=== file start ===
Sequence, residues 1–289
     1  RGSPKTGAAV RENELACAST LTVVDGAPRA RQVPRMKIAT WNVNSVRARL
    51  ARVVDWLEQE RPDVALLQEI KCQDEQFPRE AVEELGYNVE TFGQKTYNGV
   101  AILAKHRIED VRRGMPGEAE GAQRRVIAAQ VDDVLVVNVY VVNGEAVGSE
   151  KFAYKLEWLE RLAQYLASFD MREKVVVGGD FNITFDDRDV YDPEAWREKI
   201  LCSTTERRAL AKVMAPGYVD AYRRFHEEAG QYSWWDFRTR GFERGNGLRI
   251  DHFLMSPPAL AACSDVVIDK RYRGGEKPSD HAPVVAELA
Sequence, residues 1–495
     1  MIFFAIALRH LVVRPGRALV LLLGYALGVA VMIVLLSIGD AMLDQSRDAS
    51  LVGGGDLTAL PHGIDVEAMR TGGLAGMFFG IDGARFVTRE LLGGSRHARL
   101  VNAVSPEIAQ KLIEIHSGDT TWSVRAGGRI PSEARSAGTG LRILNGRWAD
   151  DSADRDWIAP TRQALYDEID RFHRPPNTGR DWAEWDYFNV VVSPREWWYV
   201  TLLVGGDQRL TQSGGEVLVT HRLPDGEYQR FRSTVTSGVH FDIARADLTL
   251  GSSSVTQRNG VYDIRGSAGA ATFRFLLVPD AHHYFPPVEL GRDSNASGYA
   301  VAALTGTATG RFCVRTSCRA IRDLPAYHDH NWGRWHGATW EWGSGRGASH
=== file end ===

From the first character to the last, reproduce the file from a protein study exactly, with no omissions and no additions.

Sequence, residues 1–289
     1  RGSPKTGAAV RENELACAST LTVVDGAPRA RQVPRMKIAT WNVNSVRARL
    51  ARVVDWLEQE RPDVALLQEI KCQDEQFPRE AVEELGYNVE TFGQKTYNGV
   101  AILAKHRIED VRRGMPGEAE GAQRRVIAAQ VDDVLVVNVY VVNGEAVGSE
   151  KFAYKLEWLE RLAQYLASFD MREKVVVGGD FNITFDDRDV YDPEAWREKI
   201  LCSTTERRAL AKVMAPGYVD AYRRFHEEAG QYSWWDFRTR GFERGNGLRI
   251  DHFLMSPPAL AACSDVVIDK RYRGGEKPSD HAPVVAELA
Sequence, residues 1–495
     1  MIFFAIALRH LVVRPGRALV LLLGYALGVA VMIVLLSIGD AMLDQSRDAS
    51  LVGGGDLTAL PHGIDVEAMR TGGLAGMFFG IDGARFVTRE LLGGSRHARL
   101  VNAVSPEIAQ KLIEIHSGDT TWSVRAGGRI PSEARSAGTG LRILNGRWAD
   151  DSADRDWIAP TRQALYDEID RFHRPPNTGR DWAEWDYFNV VVSPREWWYV
   201  TLLVGGDQRL TQSGGEVLVT HRLPDGEYQR FRSTVTSGVH FDIARADLTL
   251  GSSSVTQRNG VYDIRGSAGA ATFRFLLVPD AHHYFPPVEL GRDSNASGYA
   301  VAALTGTATG RFCVRTSCRA IRDLPAYHDH NWGRWHGATW EWGSGRGASH